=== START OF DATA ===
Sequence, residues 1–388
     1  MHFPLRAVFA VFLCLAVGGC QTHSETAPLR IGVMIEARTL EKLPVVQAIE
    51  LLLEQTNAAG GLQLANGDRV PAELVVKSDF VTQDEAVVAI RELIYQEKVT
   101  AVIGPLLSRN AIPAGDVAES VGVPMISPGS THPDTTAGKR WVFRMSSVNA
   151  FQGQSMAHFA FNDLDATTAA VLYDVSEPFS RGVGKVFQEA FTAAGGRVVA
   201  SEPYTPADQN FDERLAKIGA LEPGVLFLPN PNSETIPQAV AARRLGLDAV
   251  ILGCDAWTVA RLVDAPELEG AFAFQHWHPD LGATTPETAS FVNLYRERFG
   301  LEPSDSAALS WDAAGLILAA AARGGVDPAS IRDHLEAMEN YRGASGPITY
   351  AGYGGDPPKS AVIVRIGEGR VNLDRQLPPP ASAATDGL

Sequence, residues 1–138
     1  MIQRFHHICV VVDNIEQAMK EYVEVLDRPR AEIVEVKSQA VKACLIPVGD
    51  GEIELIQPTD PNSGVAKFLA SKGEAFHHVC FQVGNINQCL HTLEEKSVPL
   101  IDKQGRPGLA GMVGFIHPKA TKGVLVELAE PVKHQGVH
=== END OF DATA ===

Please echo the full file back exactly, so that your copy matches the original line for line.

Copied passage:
Sequence, residues 1–388
     1  MHFPLRAVFA VFLCLAVGGC QTHSETAPLR IGVMIEARTL EKLPVVQAIE
    51  LLLEQTNAAG GLQLANGDRV PAELVVKSDF VTQDEAVVAI RELIYQEKVT
   101  AVIGPLLSRN AIPAGDVAES VGVPMISPGS THPDTTAGKR WVFRMSSVNA
   151  FQGQSMAHFA FNDLDATTAA VLYDVSEPFS RGVGKVFQEA FTAAGGRVVA
   201  SEPYTPADQN FDERLAKIGA LEPGVLFLPN PNSETIPQAV AARRLGLDAV
   251  ILGCDAWTVA RLVDAPELEG AFAFQHWHPD LGATTPETAS FVNLYRERFG
   301  LEPSDSAALS WDAAGLILAA AARGGVDPAS IRDHLEAMEN YRGASGPITY
   351  AGYGGDPPKS AVIVRIGEGR VNLDRQLPPP ASAATDGL

Sequence, residues 1–138
     1  MIQRFHHICV VVDNIEQAMK EYVEVLDRPR AEIVEVKSQA VKACLIPVGD
    51  GEIELIQPTD PNSGVAKFLA SKGEAFHHVC FQVGNINQCL HTLEEKSVPL
   101  IDKQGRPGLA GMVGFIHPKA TKGVLVELAE PVKHQGVH